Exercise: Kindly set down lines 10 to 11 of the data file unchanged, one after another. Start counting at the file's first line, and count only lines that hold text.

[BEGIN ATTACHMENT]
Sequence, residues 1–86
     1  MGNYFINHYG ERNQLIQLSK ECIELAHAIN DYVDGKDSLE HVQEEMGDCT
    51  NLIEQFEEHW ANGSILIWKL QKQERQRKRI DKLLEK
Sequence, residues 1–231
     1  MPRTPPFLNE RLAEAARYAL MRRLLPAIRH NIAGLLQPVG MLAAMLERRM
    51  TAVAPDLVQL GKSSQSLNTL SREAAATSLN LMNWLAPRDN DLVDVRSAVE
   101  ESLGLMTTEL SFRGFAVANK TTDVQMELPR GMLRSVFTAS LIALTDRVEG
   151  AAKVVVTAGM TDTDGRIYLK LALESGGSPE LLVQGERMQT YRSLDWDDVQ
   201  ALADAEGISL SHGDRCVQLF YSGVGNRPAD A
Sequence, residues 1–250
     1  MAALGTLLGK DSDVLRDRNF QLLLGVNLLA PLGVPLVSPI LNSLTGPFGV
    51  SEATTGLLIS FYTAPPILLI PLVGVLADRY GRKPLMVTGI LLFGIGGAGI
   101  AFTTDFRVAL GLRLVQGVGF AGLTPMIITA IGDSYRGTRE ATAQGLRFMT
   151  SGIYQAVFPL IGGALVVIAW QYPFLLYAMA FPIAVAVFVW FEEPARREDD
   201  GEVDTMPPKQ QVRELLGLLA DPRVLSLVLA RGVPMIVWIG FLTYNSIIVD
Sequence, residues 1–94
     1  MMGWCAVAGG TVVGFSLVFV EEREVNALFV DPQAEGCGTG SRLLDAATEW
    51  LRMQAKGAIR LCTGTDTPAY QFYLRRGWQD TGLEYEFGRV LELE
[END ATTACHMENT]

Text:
Sequence, residues 1–250
     1  MAALGTLLGK DSDVLRDRNF QLLLGVNLLA PLGVPLVSPI LNSLTGPFGV